There Will Be Blood
R E V I E W   B Y   R I C H   C L I N E dir-scr Paul Thomas Anderson
with Daniel Day-Lewis, Paul Dano, Dillon Freasier, Kevin J O'Connor, Ciarán Hinds, David Willis, Colleen Foy, Hans Howes, Coco Leigh, Vince Froio, Paul F Tompkins, Mary Elizabeth Barrett
release US 26.Dec.07, UK 8.Feb.08
07/US Miramax 2h38
There Will Be Blood
Master of all he surveys: Day-Lewis

day-lewis dano hinds

There Will Be Blood Loosely adapted from the Upton Sinclair novel Oil!, this operatic drama rivets us to the seat from the wordless opening reel and never lets us go. This is robust, fierce filmmaking with a staggeringly detailed central character.

Daniel Plainview (Day-Lewis) is a miner at the turn of the 20th century who turns his skills to oil drilling and soon becomes an expert. Then he hears about a patch of untouched oil-rich land in central California, so he and his son HW (Freasier) head west to trick the settlers to sell their property to him. He quickly moves in on the Sunday family, with trusting Abel (Willis) and daughter Mary (Foy), who's about HW's age. But son Eli (Dano), the local minister, starts preaching about the evils of the oil trade.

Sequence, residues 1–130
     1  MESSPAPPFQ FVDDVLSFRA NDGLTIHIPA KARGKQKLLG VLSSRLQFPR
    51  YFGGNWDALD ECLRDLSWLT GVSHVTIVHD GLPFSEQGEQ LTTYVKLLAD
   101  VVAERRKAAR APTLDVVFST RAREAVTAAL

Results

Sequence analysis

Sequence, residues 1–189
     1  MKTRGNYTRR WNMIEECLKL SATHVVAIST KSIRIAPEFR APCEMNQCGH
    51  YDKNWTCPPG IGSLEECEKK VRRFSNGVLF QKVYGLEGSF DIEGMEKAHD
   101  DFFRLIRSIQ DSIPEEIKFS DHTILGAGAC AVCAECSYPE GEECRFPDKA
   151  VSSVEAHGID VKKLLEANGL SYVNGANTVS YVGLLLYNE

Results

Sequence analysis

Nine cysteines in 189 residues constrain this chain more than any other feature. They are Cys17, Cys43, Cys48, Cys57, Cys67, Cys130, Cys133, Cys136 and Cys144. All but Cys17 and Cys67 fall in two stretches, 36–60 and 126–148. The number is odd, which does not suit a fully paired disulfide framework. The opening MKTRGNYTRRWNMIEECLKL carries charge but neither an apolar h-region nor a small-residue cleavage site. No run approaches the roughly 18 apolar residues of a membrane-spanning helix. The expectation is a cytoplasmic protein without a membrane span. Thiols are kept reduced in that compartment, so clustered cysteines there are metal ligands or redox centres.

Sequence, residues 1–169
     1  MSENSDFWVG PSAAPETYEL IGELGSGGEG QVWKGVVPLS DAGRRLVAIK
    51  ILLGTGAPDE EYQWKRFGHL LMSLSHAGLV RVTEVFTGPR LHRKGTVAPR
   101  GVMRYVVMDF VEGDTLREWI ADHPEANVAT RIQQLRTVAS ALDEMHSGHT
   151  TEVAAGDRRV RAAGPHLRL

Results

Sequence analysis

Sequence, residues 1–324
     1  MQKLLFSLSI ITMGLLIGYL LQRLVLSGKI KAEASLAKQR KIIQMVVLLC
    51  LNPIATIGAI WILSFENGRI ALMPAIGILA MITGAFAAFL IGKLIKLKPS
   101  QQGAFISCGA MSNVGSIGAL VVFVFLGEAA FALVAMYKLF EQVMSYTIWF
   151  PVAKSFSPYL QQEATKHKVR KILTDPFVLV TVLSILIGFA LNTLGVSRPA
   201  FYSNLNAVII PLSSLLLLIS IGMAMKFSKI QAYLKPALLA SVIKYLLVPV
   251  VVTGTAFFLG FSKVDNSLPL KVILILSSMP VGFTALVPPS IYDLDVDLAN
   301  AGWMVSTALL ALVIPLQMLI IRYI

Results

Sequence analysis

Nothing Anderson has done (Boogie Nights, Magnolia) prepares us for the full-bodied style of this film--so confident and deranged that it takes our breath away. The heart-stoppingly physical imagery is lubricated with mud, blood and oil, and Day-Lewis plays Daniel with the energy of Orson Welles in Citizen Kane: an American icon who is, frankly, unstoppable (although this story is more Howard Hughes than William Hearst). He's tough and unbending, but also a dangerously smooth talker, a charming devil. As the story continues over three decades, Day-Lewis' performance deepens and tightens into a terrifying portrait of gut-level greed.

When he's on screen, the other actors barely catch our eye. Although Dano is superb as Daniel's nemesis, an irritating thorn in his side. Eli is part hero and part villain, and only becomes simplistic at the very end. Meanwhile, Anderson makes sure the period details become mere background, so it feels utterly authentic without ever becoming fussy. A couple of big effects sequences are impressive for their sheer realism, most notably the climactic oil gusher.

Essentially this is an examination of the Christian proverb: What good is it if you gain the whole world but lose your soul? And indeed, the film feels like a biblical epic, from the acting and direction to Johnny Greenwood's smartly dissonant score and Robert Elswit's rich, dense photography. And as a parable about American ambition and excess, it's seriously haunting.

cert 15 themes, violence 16.Nov.07

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© 2007 by Rich Cline, Shadows on the Wall